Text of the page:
One of the things I most love about living in Brunei is how friendly Bruneians are. But since I’ve had a baby I have been blown away by how baby-friendly they are. It is quite utterly charming.
You expect the whole crowding-round-cooing-and-smiling thing from women, especially those who have children or grandchildren themselves. That happens in most countries. But here even the men are baby-mad, and not embarrassed to show it. I’m not saying that British fathers don’t dote on their own children, but I’d be surprised if a random man stopped me to ask ‘baby boy or girl?’ and talk to me about how beautiful my baby is. It happens here all the time.
I’ll admit to being slightly nervous when I was out pushing the pram other day, and a gang of teenage boys on bikes came round the corner, right towards me. They had an air of menacing nonchalance about them, and I was busily steeling myself to be calmly dismissive if necessary. And then the leader of the gang cycled up to me, wheeled his bike round, bent down to the pram….and beaming a massive smile, said ‘baaabbbbyyyyy!’ and proceeded to make clucking noises in an effort to make her smile. Which she obligingly did, much to the delight of all four teenage boys, who were now jostling for prime position around the pram.
And all of that is really quite incredibly sweet and endearing. It really is. But I am having to work really, really hard on not being freaked out and more than a little irritated by strangers constantly touching my baby. We were in a restaurant eating lunch the other day and about eight different hands must have stroked her cheek or played with her fingers. I’m very polite – perhaps too polite at times – but I do find it quite intrusive. Also, whilst I agree with the need to build up a baby’s immune system, I’m not sure I think it is a brilliant idea to bombard it on a daily basis unnecessarily! But then, I wonder whether I am thinking about it from the wrong angle.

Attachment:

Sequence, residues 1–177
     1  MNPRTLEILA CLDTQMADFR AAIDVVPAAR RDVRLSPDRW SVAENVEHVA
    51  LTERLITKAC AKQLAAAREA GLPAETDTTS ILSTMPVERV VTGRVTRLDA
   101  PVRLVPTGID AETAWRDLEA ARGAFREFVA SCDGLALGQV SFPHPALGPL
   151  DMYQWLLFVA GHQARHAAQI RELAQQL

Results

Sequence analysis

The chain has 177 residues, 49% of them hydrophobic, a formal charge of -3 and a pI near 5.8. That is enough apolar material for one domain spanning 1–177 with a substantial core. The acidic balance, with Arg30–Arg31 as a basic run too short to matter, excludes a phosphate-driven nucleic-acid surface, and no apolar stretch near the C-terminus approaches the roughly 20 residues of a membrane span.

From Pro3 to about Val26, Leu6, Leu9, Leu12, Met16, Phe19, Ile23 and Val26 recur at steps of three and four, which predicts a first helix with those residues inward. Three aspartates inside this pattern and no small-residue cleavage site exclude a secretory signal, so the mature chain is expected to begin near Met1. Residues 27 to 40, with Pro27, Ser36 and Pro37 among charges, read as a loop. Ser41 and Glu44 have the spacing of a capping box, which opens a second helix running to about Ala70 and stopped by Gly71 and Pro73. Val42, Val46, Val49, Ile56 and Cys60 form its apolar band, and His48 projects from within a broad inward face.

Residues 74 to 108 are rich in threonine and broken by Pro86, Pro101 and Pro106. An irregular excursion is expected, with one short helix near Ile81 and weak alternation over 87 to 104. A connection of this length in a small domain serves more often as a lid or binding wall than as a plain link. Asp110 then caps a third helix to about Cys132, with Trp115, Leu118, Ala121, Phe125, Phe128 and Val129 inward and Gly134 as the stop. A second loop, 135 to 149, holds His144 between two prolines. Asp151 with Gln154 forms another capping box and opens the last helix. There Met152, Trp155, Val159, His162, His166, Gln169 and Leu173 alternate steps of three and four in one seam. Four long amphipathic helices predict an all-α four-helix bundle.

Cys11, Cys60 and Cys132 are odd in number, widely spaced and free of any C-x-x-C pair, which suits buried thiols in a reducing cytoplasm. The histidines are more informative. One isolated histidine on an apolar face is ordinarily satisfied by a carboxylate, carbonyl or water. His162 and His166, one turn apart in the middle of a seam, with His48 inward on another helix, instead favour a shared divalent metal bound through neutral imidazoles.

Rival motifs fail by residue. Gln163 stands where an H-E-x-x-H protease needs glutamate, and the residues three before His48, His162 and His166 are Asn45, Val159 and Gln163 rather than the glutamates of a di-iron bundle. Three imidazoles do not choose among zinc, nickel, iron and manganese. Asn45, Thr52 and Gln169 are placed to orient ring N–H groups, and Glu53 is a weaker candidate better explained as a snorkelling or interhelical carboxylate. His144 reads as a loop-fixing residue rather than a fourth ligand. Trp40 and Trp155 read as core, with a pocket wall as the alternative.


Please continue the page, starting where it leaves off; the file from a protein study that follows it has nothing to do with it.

A local Chinese Malay tells me that according to her culture, tickling a baby’s feet is believed to inhibit their ability to learn to walk so people never touch them, whilst pinching their cheek brings luck.
So perhaps it is all a matter of cultural perspective. In mainland China, people avoid touching a baby on the head out of respect for the baby’s spirit. Whilst in many Hispanic countries if someone compliments your baby they must then touch them, to avoid the evil eye being cast on the baby which would bring them bad luck and making them sick. Wary of the evil eye, in India, babies are sometimes even given marks on their foreheads to remind people not to compliment them.
When you grow up with something being a totally normal, every day part of your cultural existence, how are you to know that people from outside that culture might find it strange? The other day I found myself saying ‘touch wood’ and tapping my head at the end of a sentence when I was speaking to a Filipino lady. She looked at me like I had gone completely out of my mind, and I found myself trying to explain a rather bizarre English turn of phrase and custom.
I am working on relaxing a bit about the touching. And maybe remembering more often to pack the pram mosquito net cover to use as a barrier for when it all gets too much. It’s a work in progress!